Experiential Training: Connecting School Counselors-in-Training, English as a Second Language (ESL) Teachers, and ESL Students

By Burnham, Joy J.; Mantero, Miguel et al. | Journal of Multicultural Counseling and Development, January 2009 | Go to article overview

Experiential Training: Connecting School Counselors-in-Training, English as a Second Language (ESL) Teachers, and ESL Students


Burnham, Joy J., Mantero, Miguel, Hooper, Lisa M., Journal of Multicultural Counseling and Development


English as a second language (ESL) students present challenges to counselors who are unaccustomed to working with students who speak limited English. A field experience prepared school counselors-in-training to develop cultural sensitivity while working with ESL teachers and students. The counselors suggested that early experiential learning fostered multicultural sensitivity and refined counseling skills.

Los estudiantes de ingles como segunda lengua (ESL) presentan desafios para aquellos consejeros que no estan acostrumbrados a trabajar con estudiantes con un nivel de ingles limitado. Una experiencia practica de campo preparo a los consejeros escolares en formacion para que desarrollaran una sensibilidad cultural mientras trabajaban con profesores y alumnos de ESL. Los consejeros indicaron que el aprendizaje experiencial en fase temprana fomento su sensibilidad multicultural y perfecciono sus habilidades en consejeria.

**********

This exploratory project examined the potential benefits of a school counselor-in-training experiential exercise that combined classroom learning with early field experience. This project also examined the extent to which counseling students found that early field experience fostered multicultural sensitivity and awareness when working with English as a second language (ESL) students and teachers.

Three practices in school counseling training models informed this experiential project: the use of collaboration, multicultural awareness and sensitivity, and working with ESL students. Because the use of collaboration has lagged behind other techniques as an important component in school counseling (Sink, 2005) and because creating "collaborative environments" is still misunderstood (Goh, Wahl, McDonald, Brissett, & Yoon, 2007; Kim, 2005; Sink, 2005), the school counseling training approach offers a means to practice collaboration with an underserved and rapidly increasing population of ESL students who oftentimes have limited interactions with school counselors (Clemente & Collison, 2000; Goh et al., 2007; Hagan, 2004; McCall-Perez, 2000).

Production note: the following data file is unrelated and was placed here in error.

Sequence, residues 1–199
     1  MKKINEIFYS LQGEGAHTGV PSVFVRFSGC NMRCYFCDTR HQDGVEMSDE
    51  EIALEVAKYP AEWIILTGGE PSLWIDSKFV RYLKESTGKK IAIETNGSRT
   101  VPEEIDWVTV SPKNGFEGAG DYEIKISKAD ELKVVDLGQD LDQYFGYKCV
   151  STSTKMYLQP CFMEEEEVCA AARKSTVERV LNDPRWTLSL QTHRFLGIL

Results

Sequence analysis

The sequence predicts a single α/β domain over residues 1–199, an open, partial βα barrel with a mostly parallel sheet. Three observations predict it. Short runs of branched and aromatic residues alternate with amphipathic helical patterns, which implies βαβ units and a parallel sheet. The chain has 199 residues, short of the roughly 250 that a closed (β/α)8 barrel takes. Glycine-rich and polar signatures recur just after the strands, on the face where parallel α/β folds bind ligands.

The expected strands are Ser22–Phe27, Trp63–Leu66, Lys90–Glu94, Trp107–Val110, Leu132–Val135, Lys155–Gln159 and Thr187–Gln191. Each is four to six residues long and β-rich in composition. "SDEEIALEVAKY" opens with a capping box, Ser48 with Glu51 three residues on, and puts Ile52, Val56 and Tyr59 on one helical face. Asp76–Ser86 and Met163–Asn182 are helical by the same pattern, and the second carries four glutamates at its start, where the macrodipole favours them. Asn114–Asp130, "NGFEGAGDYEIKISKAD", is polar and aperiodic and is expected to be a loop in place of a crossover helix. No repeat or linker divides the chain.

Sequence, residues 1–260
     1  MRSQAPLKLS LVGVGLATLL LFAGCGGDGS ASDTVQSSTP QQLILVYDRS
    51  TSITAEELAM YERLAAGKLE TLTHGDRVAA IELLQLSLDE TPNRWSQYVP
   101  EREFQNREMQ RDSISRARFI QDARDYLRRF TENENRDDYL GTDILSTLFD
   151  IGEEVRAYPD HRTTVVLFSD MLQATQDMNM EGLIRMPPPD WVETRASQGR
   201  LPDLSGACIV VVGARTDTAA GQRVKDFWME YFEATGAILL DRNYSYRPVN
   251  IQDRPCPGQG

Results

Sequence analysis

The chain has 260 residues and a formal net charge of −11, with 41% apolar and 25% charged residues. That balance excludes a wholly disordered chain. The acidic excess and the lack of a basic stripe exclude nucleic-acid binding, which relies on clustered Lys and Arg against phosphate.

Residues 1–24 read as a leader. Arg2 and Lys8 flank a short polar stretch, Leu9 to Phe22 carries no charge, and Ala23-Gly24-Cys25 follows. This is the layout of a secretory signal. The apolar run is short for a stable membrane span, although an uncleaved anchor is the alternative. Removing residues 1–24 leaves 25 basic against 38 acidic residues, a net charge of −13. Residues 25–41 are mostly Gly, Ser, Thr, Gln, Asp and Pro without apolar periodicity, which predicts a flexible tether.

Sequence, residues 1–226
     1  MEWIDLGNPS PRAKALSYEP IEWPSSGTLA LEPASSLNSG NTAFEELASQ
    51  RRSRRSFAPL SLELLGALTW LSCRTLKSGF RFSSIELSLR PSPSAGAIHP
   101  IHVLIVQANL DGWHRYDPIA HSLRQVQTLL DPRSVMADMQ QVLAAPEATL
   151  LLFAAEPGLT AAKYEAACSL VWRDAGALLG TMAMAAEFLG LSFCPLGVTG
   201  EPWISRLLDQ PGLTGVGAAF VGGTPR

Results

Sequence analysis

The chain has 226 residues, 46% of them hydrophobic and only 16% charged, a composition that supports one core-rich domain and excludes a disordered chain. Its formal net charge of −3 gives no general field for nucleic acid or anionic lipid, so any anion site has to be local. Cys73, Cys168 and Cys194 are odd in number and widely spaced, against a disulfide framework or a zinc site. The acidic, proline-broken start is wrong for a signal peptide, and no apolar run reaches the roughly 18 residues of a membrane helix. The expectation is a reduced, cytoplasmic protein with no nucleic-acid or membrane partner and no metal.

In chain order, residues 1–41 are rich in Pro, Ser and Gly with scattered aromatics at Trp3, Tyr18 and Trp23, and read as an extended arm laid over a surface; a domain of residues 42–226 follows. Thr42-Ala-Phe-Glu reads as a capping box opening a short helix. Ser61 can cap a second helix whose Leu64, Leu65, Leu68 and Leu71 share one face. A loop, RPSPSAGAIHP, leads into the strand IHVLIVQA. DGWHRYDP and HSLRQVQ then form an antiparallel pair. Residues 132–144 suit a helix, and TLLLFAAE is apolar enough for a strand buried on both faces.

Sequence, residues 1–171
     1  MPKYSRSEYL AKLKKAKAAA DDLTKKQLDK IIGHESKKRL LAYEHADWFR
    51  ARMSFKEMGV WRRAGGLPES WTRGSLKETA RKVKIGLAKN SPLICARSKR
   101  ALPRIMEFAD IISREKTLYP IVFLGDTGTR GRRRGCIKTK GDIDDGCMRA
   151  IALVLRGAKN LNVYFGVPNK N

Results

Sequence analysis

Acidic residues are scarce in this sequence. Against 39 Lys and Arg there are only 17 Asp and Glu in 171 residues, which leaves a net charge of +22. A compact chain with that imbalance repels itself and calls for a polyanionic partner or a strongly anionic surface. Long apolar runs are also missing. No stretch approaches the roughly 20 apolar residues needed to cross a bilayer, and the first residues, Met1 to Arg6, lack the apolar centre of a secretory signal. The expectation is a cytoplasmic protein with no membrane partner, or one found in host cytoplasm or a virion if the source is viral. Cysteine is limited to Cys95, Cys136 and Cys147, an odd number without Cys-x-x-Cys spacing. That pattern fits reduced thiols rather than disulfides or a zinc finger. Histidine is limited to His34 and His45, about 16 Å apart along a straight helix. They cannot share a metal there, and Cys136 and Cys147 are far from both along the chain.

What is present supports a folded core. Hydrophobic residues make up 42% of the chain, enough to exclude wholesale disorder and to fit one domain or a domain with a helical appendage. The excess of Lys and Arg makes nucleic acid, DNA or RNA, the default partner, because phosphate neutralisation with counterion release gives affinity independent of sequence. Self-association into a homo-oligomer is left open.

In addition to the importance of collaborative helping in the context of the school setting, the practice of multicultural counseling is essential for school counselors. As the population with whom counselors work continues to diversify, school counselors have a significant need to develop knowledge, skills, and awareness in how to best work with racial and ethnic minority students and their families (Roysircar, 2003). Critical to building multicultural competency is to provide school counselors with opportunities that allow for the translation of awareness and knowledge evidenced in the university classroom into their actual counseling skills with students (Burnett, Hamel, & Long, 2004; Dickson, Jepsen, & Barbee, 2008). School counselors who demonstrate cultural sensitivity and awareness see increased levels of responsiveness and positive outcomes among their students in both academic and therapeutic contexts (Clemente & Collison, 2000). Moreover, empirical research has established that when counselors--irrespective of orientation (e.g., school, family, community)--are sensitive to multicultural issues, clients often feel more understood and respected (Zhang & Dixon, 2001). This translates into the counselor having both an increased sense of clinical and technical skill (Welfel, 2003) and a support role in helping ESL students build "cross-cultural bridges" (Goh et al., 2007).